The market value of British banking major Standard Chartered Plc tumbled $15 billion by Tuesday after New York’s banking regulator threatened to tear up its state banking licence for hiding $250 billion in transactions tied to Iran.
The New York State Department of Financial Services (DFS) said on Monday that Standard Chartered was a “rogue institution” that “schemed” with the Iranian government, which is subject to US sanctions over its nuclear programme, and hid 60,000 secret transactions to generate hundreds of millions of dollars in fees over nearly 10 years.
Shares in the Asia-focused bank fell 21% at £12, their lowest in three years, taking their losses to 27% since the news surfaced just before Monday’s close.
“Even the so-called ‘safe’ banks like StanChart and HSBC seem to be crumbling, with their reputation in tatters. No one, it seems, is immune,” said one institutional investor.
The bank, which has been in talks with US authorities for years over the matter, had exposed the US banking system to terrorists, drug traffickers and corrupt states, the DFS said.
The New York regulator described how officials at Standard Chartered, one of the banks least tarnished during the financial crisis thanks to its focus on emerging markets and a conservative approach to capital and liquidity, had debated whether to continue Iranian dealings.
In October 2006, the top official for business in the Americas, whom the regulator did not name, warned in a “panicked message” that the Iranian dealings could cause “catastrophic reputational damage” and “serious criminal liability.”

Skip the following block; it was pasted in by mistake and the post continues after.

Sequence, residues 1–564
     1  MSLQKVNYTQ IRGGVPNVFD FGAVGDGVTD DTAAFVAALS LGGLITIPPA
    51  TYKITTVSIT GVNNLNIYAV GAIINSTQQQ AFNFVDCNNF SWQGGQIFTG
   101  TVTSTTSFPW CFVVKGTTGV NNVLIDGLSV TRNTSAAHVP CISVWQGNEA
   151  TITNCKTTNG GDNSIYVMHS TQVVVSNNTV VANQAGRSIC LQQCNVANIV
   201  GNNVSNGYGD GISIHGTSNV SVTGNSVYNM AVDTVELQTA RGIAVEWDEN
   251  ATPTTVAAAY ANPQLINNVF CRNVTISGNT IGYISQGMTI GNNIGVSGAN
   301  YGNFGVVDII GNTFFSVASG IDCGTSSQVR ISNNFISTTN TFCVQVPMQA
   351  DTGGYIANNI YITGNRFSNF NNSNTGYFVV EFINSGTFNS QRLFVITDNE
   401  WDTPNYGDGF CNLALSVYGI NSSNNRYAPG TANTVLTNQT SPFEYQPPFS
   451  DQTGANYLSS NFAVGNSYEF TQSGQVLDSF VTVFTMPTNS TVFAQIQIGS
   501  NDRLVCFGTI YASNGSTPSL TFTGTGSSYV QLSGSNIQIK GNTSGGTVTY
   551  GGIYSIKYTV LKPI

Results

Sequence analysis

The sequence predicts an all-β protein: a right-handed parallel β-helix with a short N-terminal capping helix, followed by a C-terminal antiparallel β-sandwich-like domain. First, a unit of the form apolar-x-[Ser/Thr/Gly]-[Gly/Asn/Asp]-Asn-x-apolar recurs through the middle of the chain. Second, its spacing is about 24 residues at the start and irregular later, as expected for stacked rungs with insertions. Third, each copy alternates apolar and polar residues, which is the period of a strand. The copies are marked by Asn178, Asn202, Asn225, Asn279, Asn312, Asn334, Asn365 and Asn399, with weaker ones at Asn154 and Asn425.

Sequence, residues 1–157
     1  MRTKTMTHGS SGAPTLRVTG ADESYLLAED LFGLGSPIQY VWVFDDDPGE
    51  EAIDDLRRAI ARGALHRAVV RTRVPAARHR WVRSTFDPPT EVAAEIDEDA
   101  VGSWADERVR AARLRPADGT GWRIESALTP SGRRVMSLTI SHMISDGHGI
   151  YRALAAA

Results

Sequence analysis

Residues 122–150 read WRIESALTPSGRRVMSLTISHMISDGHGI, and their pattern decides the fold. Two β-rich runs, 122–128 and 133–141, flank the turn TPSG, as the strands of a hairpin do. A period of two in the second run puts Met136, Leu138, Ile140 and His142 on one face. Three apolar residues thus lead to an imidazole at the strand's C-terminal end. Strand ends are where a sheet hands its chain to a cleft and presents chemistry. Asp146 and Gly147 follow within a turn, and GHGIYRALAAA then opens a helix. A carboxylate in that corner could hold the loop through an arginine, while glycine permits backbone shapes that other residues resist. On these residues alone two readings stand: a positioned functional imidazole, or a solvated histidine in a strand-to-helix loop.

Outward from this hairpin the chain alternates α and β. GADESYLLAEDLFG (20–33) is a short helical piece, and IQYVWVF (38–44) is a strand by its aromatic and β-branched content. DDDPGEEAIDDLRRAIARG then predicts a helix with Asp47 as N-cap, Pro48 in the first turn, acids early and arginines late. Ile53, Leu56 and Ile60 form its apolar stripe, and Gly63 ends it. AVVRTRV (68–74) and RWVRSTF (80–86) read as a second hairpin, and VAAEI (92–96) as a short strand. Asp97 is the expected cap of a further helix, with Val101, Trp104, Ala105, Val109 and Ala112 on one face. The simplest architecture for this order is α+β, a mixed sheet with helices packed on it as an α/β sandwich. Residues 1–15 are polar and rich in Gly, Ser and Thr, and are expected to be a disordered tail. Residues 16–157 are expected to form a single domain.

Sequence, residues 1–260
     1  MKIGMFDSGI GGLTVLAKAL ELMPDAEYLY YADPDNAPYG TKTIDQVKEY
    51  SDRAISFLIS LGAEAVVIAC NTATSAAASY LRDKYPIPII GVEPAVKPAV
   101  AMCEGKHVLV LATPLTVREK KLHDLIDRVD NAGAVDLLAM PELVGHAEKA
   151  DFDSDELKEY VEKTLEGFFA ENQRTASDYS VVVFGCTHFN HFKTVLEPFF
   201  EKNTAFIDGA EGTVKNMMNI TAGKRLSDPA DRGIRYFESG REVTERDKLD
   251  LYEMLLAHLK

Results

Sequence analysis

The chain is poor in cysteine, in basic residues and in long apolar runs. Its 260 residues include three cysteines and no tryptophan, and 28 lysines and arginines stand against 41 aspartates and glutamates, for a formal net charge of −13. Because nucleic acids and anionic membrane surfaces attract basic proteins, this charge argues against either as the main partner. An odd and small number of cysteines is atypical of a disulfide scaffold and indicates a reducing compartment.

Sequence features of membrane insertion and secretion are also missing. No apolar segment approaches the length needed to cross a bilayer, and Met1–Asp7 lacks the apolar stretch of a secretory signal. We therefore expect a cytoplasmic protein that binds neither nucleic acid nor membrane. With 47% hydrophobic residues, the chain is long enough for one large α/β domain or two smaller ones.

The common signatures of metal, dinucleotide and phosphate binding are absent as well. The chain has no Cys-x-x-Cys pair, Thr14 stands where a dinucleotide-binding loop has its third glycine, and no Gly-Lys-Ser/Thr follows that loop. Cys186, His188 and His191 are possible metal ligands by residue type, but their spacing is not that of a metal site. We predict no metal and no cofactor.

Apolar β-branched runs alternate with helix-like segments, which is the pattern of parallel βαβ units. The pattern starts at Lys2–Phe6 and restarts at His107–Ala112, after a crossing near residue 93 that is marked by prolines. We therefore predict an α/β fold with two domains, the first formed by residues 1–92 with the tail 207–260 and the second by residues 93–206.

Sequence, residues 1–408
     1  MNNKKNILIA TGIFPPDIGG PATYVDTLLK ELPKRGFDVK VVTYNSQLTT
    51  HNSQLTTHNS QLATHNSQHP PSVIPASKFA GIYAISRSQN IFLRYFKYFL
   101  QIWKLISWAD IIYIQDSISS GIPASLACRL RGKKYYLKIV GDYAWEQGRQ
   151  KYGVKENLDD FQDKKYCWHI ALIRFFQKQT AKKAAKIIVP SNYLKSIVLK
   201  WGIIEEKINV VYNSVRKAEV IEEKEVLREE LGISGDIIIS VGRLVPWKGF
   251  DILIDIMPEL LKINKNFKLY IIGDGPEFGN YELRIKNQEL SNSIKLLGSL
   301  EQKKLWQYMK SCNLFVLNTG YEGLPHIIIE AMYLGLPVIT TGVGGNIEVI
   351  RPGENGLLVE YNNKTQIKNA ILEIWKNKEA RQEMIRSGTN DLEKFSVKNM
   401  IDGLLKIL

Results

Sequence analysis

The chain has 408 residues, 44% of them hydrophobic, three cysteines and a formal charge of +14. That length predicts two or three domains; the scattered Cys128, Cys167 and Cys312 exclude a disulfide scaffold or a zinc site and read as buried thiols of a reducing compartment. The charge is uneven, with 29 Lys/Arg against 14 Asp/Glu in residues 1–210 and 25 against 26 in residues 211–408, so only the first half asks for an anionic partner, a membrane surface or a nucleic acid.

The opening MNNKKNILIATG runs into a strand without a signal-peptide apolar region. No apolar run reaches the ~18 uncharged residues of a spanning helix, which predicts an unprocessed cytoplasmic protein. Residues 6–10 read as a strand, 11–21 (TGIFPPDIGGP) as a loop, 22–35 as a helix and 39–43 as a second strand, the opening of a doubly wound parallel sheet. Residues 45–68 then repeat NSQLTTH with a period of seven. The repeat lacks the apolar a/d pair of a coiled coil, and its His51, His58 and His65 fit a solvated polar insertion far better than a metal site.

A group executive director in London shot back: “You f---ing Americans. Who are you to tell us, the rest of the world, that we’re not going to deal with Iranians.”
The reply showed “obvious contempt for US banking regulations,” the regulator said.
At that time the bank had five executive directors: Peter Sands, now CEO; Richard Meddings, now finance director; Mervyn Davies, a UK Labour Party peer; Kai Nargolwala, who left the bank to join Credit Suisse; and Mike DeNoma, who resigned as CEO of Chinatrust Financial in August.
Standard Chartered's Americas CEO was Ray Ferguson.
None of the people could be reached for comment or else declined to comment on the development.
Bank refutes US charges
StanChart claimed the US order does not present the “full and accurate” picture and over 99.9% of its Iran-related business was in compliance with the relevant regulations. It put the value of transactions in non-compliance with the related US regulations at less than $14 million and said it had stopped all new businesses with Iranian clients over five years ago. London/PTI